A trove of rare gold coins and a 900-year-old gold earring were discovered a few days ago in a small bronze pot hidden between two stones in the side of a wall in Caesarea National Park.
The wall was part of a house that archeologists believe stood during the Abbasid and Fatimid periods (909-1171 CE), coinciding with the Crusader conquest in 1101.
“The cache is of a unique combination of coins not yet seen in Israel consisting of two types of coins: 18 Fatimid dinars, well known from previous excavations in Caesarea, where it was the standard local currency of the time,” said Dr. Robert Kool, coin expert at the authority, “and a small and extremely rare group of six Byzantine imperial gold coins. Five of the coins are concave and belong to the reign of the Byzantine Emperor Michael VII Doukas (1071-1079 CE).”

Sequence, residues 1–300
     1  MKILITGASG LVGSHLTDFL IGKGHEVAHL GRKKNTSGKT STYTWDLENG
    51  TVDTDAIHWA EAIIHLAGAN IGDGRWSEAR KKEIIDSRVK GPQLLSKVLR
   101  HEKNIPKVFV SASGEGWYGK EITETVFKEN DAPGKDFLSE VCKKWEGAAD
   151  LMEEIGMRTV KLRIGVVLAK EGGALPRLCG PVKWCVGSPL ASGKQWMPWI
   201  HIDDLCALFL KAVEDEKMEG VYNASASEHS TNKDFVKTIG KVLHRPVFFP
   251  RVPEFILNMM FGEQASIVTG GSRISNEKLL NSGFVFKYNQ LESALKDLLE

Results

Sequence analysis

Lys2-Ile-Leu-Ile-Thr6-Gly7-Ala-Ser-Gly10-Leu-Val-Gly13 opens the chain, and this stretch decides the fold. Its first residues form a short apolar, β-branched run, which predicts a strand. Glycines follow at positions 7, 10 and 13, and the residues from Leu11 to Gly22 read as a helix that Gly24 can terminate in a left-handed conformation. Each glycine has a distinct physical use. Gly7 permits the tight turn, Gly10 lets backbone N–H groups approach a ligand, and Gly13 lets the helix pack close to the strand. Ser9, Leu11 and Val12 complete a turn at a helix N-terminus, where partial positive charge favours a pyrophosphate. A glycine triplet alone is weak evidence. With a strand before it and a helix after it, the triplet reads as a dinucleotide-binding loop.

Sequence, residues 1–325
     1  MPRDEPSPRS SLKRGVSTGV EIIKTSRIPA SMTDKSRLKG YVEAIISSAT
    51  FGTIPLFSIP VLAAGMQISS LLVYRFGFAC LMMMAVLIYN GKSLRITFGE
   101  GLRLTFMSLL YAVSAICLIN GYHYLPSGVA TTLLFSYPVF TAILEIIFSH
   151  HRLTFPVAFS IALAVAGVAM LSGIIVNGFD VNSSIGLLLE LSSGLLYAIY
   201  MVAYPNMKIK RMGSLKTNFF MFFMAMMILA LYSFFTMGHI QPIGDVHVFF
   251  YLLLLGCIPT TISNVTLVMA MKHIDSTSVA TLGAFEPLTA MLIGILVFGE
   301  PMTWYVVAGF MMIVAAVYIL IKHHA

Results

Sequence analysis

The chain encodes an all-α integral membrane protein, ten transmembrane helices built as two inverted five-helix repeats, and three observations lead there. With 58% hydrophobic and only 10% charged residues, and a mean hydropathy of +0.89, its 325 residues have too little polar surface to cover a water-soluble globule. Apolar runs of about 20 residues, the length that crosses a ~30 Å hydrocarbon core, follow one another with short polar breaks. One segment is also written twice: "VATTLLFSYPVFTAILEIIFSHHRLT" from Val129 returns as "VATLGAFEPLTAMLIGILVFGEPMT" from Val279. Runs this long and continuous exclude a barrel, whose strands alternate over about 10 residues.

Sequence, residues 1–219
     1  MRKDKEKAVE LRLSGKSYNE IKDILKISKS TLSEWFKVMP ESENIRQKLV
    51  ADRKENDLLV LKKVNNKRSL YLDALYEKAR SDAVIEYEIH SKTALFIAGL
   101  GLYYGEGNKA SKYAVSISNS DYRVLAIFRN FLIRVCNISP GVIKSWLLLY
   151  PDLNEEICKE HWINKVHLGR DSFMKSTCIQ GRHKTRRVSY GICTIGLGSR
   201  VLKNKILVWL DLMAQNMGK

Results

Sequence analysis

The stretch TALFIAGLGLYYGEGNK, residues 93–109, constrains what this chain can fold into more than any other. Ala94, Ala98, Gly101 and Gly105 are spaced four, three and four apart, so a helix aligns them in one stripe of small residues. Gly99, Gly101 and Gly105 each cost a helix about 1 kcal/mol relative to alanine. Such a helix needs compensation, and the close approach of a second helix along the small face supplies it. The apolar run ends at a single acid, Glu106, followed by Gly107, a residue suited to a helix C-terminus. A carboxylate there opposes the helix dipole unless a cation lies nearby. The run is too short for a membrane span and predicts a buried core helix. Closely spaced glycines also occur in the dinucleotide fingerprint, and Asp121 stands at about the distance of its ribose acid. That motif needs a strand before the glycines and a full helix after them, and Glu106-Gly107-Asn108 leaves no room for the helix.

Kool said that the coins did not circulate locally and may indicate the existence of trade between Caesarea and Constantinople during that time. Just a few of the coins would be equal to a farmer’s annual salary, so whoever owned the cache was likely wealthy or involved in trade, Kool surmised.
Michael Karsenti, CEO of the Caesarea Development Corporation, said, “With [the hoard’s] discovery, we immediately mobilized our resources … [T]his rare find is now displayed at the Caesarea Port from today onwards for the duration of the Chanukah holiday.”
The multi-year Caesarea project is sponsored by the Edmond de Rothschild Foundation in the amount of 150 million shekels, in cooperation with the Caesarea Development Corp., the Antiquities Authority and the Israel Nature and Parks Authority.